It happens in rare cases that such tension goes to the extreme. That is to say, the auditors lose their normal sense of professional conservatism and adopt the view of management, which is what was dealt with in the comment made by Mr. Justice Estey concerning the CCB and Northland Bank. The existence of a tort regime gives a reason for the auditors to avoid that pressure. It is natural and ordinary. It is all part of doing business. There is nothing wrong with it.

There has to be pressure brought to bear to prevent the tension from shifting too far against the auditors, since they have to keep good relations. It is not just a matter of wrong opinions; the problem is that they may be pushed further than they might have otherwise gone.

Senator Angus: I know how much research you have done, sir. When you add that to what our researcher Margaret Smith has done, we have some very good material. I have done my best in the last three days to read it all. One report I did read is the U.K. report which comes down on the side of the status quo. I am sure you have read it. One of the items mentioned in the report is that, if there were a change to proportionate liability, then there would be a danger that judges, who are inherently fair, which is the nature of that calling, would end up going after the defendant with the deepest pockets. Have you considered that element? We might be creating a monster.

Mr. Campion: I grant you that, senator, which is why I say you should have as many people as possible put forward their solutions in an organized way. Then you will be able to view the situation across the board. First, you decide if you will to go to the candy store; after that you must decide what you want once you get there. After choosing the route, you then have to ask: Does it have to be highly sophisticated or not?

After thinking the matter through in a sensible fashion, which no doubt you will, you can create a system of proportionate liability that will work. There is always the risk that there will be results you did not expect. However, in my view, it is possible to do it. The English context may be different from the Canadian one.

Senator Hervieux-Payette: Mr. Chairman, one of the proposals is that the provinces examine this problem. Coming from Quebec, as I do, that is one of the most important recommendations. If we act alone, then a strange situation will result.

Do the other provinces have regulatory bodies equivalent to those we have in Quebec which govern accountants, engineers, lawyers, et cetera? We will have to have something along the same lines in every province. We cannot have one tailor-made regime which would provide different services. If that were so, it would be like it is in the area of the environment -- one is tempted to go where there are fewer regulations.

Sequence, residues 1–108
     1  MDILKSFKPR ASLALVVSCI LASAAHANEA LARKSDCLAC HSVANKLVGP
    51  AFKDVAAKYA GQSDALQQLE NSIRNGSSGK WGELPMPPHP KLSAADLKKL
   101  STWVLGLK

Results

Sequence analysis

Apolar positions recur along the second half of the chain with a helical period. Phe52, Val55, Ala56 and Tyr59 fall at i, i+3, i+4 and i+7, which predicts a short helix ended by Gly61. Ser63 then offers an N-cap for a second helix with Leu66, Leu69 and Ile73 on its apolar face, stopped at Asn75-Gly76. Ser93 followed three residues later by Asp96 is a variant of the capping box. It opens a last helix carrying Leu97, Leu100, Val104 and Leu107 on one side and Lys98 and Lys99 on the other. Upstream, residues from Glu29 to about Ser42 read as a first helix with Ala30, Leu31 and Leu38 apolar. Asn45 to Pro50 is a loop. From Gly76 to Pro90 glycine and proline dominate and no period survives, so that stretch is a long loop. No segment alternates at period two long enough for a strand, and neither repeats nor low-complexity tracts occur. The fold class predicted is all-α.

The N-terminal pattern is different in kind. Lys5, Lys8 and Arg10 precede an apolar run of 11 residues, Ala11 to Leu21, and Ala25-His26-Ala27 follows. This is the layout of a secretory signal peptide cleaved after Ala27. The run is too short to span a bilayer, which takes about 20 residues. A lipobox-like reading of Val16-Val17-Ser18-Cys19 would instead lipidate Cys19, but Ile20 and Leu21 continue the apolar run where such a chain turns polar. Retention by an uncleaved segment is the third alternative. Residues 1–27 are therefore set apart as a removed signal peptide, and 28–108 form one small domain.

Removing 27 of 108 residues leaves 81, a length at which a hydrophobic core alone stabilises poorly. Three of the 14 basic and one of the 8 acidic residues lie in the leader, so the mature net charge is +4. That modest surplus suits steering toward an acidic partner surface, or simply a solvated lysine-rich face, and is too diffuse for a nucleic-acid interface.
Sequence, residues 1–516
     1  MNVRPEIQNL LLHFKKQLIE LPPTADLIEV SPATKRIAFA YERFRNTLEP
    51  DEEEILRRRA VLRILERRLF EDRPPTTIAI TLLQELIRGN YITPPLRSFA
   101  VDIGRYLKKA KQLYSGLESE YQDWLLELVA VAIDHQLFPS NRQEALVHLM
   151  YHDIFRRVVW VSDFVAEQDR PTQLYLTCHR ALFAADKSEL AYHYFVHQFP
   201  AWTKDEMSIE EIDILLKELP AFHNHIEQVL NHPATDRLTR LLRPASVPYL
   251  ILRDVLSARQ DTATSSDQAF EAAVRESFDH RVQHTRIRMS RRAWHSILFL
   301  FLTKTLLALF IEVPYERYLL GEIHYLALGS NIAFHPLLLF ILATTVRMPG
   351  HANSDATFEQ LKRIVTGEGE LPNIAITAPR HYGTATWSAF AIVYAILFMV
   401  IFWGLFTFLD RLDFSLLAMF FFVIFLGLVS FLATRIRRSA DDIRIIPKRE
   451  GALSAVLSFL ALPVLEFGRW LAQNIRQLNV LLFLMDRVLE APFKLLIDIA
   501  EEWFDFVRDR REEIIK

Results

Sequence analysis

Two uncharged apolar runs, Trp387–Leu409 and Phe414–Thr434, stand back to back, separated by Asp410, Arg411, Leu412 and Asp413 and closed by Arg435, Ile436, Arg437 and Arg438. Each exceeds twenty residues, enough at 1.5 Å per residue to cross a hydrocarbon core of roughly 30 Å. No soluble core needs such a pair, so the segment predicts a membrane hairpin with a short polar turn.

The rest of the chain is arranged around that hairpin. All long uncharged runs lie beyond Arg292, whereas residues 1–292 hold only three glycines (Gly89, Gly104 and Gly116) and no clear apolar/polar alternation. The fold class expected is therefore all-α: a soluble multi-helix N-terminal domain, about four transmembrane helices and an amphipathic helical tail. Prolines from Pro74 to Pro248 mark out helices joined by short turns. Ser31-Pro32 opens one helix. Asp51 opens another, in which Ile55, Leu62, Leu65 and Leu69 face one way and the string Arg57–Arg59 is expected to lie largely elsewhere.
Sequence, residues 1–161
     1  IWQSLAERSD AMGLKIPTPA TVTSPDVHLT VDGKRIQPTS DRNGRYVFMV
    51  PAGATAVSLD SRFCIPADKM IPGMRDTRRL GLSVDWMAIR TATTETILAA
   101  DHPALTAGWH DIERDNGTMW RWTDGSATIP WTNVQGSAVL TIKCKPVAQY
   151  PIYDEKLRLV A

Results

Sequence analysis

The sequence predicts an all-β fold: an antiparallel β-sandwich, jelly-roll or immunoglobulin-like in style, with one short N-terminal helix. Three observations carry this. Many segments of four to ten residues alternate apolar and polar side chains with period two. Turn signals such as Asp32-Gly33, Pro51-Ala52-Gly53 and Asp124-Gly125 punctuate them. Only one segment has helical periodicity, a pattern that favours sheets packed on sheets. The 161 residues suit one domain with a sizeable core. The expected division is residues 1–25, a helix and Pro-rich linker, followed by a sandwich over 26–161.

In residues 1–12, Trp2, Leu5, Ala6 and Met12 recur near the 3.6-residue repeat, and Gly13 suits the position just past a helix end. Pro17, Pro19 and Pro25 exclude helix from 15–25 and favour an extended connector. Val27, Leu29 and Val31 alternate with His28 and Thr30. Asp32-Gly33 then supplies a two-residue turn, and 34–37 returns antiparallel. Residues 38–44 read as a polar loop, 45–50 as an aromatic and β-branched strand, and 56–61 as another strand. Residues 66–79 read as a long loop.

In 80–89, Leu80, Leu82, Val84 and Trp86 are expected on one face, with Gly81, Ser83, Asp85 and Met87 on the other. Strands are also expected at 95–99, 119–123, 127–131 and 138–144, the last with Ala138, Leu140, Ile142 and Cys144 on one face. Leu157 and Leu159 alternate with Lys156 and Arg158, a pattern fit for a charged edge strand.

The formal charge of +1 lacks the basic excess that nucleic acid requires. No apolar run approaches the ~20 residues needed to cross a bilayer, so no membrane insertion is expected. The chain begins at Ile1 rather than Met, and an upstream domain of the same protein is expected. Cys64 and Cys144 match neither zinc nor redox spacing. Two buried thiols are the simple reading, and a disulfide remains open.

How could we apply that to cases such as Royal Trust and others? What would happen under a new regime for auditors in such a case? After all, there is a long chain of command.

Of course, the auditors' report would be a key element for the outsiders, as well as the insiders. If you at the top and you receive a report from your auditors that there are some strange happenings in your corporation, you can at least limit the damages.

However, in my case, I had but a few cents in Royal Trust. At one point, I had the impression that the information that was being given was not quite accurate. Who else could give out accurate information other than the auditors?

Mr. Campion: You are absolutely right, who else could do it? That is why they stand in such a critical spot. That is why they are so commercially significant. That is why they are in so much danger. Obviously, the capitalization of these companies is much greater than the relief any insurance scheme could ever provide. To some extent, the public stands at risk by not knowing that there are these limitations. You cannot just read financial statements and say, "I will be able to recover against the auditors if they are wrong." If the Royal Trust case were combined with one or two others, and they were all in the same audit firm, there would be no money left to claim.

Therefore, that will accomplish nothing. The public will have been at risk with the false understanding of what might have been available to them.

The question then is: Do you want at least to review this problem in an organized fashion at the provincial and the federal levels to ensure that the regime of liability is not only present but also reasonably funded? The auditors are saying that, because of the size of the risks and the number of the claims, they are no longer reasonably funded. That potentially affects their continued operation. It also affects the public's disappointment at the end of the rainbow in that they cannot recover.

Senator Hervieux-Payette: Have they discussed this situation with other professions? We cannot implement a regime whereby only one group of professionals would be covered. This should cover the other professions you mentioned, such as engineers, architects, lawyers and so on.

There is a specific group which says they are more at risk than others. How do we address that when others are not necessarily saying the same thing? Is there an alternative other than doing that for the whole range of professions in order to cover one group which has a specific problem?

Mr. Campion: Because they stand at such a central position in the economy, this problem must be addressed. It must be addressed before there is, indeed, a collapse of an accounting firm. That would not help anyone, by the way. If a firm collapses, it will just create a lack of confidence in the system. I am not saying that that is on the horizon. That is not the issue here.